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Retrieving dog keeping a watchful eye

Wildfowling on the Blackwater


Keeping traditions alive.

Wildfowling on the Blackwater

The tradition of wildfowling on the Blackwater estuary in Essex is centuries old. Local people have long hunted or trapped migratory birds there for food or for sport, and at one time the district supported many professional wildfowlers who shot ducks and geese in the winter for the market. 


In the 1950s growing problems with poaching led to the setting up of wildfowling clubs, and the Blackwater Wildfowlers Association was formed in 1960. Today's wildfowlers hunt purely for the enjoyment provided by a challenging and difficult sport, conducted in wild and remote surroundings. They enjoy the full support of local farmers, landowners and nature conservation agencies.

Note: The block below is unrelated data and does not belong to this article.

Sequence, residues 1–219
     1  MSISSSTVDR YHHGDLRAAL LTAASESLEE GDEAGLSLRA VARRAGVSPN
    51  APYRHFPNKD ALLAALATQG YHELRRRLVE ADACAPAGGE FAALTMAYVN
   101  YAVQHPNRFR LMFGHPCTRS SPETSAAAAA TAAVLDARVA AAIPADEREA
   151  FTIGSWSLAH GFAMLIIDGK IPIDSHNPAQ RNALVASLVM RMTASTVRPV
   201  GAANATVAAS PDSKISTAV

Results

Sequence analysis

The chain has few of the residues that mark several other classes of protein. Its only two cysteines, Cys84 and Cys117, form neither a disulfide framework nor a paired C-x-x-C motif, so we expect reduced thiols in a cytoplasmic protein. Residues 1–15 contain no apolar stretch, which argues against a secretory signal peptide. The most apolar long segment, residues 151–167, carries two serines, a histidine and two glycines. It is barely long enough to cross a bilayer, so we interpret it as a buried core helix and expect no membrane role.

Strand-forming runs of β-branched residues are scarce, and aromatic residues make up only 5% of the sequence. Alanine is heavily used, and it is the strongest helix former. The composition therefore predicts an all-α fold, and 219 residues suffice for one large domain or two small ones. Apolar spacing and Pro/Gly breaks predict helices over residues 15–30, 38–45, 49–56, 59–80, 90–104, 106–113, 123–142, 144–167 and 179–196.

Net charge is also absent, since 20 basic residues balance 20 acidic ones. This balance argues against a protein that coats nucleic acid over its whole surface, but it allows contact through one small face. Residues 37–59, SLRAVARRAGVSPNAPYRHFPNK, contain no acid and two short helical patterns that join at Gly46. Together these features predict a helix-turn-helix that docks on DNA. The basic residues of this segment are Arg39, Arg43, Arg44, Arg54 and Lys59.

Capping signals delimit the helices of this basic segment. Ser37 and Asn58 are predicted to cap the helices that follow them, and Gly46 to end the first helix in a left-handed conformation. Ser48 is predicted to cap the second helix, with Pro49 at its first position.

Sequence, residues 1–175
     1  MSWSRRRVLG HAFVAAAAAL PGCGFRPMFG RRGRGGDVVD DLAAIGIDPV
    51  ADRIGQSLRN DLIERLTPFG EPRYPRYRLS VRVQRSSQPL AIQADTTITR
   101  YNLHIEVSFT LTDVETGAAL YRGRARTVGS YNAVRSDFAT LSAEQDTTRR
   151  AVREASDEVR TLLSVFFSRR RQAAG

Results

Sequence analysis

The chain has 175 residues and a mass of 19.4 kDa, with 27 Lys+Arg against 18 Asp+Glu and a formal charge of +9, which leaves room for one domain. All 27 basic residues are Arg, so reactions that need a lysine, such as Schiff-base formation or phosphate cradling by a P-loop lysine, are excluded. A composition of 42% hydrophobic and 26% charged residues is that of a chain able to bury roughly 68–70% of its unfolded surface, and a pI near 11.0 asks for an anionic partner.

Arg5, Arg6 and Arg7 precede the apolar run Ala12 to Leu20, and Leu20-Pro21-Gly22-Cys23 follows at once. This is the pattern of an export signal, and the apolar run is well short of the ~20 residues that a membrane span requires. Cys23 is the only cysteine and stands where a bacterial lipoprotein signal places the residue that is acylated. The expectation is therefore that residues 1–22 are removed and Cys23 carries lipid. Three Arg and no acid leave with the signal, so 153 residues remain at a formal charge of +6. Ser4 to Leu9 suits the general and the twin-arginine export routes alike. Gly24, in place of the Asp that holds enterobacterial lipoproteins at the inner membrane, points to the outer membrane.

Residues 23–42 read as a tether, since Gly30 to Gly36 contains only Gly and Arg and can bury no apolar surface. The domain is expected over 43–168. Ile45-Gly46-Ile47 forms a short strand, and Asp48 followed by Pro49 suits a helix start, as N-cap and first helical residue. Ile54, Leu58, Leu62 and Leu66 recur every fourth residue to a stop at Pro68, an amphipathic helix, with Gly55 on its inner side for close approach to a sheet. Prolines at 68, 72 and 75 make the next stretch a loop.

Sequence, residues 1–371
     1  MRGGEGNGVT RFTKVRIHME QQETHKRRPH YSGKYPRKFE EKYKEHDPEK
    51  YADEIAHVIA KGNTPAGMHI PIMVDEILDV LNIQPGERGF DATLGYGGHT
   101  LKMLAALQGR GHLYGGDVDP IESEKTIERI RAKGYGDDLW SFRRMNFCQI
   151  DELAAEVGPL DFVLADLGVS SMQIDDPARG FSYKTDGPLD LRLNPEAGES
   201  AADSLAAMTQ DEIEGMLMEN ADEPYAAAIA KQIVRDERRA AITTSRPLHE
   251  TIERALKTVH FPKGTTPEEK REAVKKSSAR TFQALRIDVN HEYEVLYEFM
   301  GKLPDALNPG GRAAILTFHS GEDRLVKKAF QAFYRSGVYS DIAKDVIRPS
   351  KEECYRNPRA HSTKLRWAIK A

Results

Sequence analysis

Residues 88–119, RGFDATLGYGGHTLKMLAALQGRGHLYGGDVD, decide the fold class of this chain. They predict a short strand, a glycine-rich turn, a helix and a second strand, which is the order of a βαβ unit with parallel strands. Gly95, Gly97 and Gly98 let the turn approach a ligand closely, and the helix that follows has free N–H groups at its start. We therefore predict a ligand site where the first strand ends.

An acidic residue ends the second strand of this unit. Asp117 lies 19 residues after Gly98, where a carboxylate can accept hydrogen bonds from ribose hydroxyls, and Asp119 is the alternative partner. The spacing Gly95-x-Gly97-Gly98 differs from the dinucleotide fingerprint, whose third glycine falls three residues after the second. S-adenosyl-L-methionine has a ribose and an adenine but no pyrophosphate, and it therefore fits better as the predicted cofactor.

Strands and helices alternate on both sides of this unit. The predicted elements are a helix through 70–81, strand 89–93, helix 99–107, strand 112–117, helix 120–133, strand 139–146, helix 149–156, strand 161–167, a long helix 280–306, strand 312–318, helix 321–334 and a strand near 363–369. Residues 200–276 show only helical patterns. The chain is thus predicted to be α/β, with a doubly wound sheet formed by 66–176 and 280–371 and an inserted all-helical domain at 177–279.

Coastal Heritage

The Blackwater estuary is an internationally important site for migratory wildfowl. Each winter it attracts thousands of ducks, geese and waders from beyond the Arctic circle to its rich feeding and roosting grounds; eight key wildfowl sites on the Blackwater and Crouch estuaries in Essex. It manages habitats such as ponds and marshes to benefit wildfowl, rears and releases mallard on to unshot reserve areas to supplement the wild population and provides additional feeding during periods of severe weather. Club members maintain bridges and access routes across the marshes and collect and dispose of litter.

Walter Linnet, Wildfowler who lived at St Peters Chapel Bradwell

Walter Linnet, a wilfowler who lived in Linnet Bungalow close to St Peters Church, Bradwell. Photo credit - John Tarlton

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